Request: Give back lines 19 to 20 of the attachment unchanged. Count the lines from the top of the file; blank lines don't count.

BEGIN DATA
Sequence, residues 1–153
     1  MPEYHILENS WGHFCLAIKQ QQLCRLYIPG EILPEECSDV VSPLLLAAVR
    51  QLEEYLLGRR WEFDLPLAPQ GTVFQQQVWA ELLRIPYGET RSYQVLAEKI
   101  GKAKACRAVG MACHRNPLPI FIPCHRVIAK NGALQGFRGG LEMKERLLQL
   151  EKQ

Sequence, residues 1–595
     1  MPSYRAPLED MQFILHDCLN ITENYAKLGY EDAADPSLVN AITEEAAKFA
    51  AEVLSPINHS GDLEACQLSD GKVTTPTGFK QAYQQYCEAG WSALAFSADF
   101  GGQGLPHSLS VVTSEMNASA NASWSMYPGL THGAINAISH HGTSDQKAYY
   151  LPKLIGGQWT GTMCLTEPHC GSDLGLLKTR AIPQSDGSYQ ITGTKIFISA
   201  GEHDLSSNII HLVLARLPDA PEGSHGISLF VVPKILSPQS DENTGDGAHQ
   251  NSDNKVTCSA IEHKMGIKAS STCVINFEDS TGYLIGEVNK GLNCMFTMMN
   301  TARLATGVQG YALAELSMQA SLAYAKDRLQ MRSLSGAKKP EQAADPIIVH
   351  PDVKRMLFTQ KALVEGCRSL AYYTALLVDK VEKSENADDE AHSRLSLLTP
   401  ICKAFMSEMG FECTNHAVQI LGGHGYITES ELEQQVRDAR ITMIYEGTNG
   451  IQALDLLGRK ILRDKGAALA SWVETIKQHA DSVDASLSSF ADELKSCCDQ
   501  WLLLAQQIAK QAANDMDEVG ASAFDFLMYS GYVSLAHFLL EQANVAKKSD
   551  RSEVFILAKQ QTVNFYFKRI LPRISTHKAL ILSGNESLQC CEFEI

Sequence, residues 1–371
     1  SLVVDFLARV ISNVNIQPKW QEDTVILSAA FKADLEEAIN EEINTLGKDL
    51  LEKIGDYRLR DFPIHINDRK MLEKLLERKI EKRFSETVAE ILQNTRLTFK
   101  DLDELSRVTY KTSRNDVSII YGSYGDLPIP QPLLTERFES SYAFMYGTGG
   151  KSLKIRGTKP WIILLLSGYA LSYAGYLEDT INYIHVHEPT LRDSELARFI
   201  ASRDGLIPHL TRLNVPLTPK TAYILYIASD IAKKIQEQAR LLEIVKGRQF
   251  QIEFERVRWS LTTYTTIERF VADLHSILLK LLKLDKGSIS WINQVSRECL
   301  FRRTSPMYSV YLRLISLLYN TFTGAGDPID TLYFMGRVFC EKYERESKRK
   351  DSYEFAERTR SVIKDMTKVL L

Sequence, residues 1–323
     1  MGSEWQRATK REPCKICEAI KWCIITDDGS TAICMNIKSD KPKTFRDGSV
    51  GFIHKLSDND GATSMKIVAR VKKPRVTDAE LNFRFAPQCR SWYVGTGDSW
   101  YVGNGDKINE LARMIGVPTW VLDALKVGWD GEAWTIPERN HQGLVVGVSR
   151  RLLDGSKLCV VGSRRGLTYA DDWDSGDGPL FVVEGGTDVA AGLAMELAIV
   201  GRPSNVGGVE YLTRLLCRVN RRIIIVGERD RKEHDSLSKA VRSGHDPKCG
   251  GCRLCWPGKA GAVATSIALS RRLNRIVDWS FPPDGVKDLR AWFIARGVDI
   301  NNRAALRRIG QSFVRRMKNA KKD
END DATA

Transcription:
Sequence, residues 1–371
     1  SLVVDFLARV ISNVNIQPKW QEDTVILSAA FKADLEEAIN EEINTLGKDL